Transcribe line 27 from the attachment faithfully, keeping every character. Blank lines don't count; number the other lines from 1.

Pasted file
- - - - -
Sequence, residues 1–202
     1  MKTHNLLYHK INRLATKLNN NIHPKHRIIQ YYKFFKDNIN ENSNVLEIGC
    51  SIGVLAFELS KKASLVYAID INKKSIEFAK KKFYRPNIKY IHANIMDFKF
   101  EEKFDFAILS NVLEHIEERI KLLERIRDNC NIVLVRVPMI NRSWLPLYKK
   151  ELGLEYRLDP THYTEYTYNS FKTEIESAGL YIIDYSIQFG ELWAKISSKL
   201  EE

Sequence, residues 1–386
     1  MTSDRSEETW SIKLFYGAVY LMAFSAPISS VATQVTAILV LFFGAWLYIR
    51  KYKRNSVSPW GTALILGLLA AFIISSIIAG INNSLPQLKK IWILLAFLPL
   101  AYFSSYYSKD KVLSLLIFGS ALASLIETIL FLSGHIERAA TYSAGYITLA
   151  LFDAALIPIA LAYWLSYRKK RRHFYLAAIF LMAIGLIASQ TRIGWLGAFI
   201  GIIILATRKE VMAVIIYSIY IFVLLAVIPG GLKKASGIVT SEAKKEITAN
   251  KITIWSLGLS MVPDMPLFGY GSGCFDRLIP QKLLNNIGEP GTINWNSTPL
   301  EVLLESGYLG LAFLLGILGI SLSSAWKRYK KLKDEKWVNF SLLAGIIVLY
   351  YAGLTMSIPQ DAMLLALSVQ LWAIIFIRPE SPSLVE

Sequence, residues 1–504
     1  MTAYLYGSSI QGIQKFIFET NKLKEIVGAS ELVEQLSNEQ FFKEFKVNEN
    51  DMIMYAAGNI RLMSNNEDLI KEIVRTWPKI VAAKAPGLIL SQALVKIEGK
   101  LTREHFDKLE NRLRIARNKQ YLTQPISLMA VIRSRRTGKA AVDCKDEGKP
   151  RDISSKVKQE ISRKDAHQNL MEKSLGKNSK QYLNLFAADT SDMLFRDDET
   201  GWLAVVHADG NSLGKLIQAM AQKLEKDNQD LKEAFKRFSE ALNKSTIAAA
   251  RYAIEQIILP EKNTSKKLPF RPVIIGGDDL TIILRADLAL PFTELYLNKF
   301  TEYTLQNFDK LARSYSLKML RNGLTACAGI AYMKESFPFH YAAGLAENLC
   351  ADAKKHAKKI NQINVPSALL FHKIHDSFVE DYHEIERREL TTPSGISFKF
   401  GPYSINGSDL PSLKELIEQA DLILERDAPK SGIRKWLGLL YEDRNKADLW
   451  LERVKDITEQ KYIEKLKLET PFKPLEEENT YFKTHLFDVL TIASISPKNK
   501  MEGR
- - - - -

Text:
   501  MEGR